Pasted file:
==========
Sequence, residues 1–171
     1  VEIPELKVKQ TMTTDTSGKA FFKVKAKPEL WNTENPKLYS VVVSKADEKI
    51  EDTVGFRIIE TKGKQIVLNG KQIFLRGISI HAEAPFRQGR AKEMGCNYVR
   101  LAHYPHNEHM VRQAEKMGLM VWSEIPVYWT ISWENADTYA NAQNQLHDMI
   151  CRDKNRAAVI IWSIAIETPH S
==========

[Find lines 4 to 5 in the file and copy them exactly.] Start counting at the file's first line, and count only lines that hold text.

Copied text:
   101  LAHYPHNEHM VRQAEKMGLM VWSEIPVYWT ISWENADTYA NAQNQLHDMI
   151  CRDKNRAAVI IWSIAIETPH S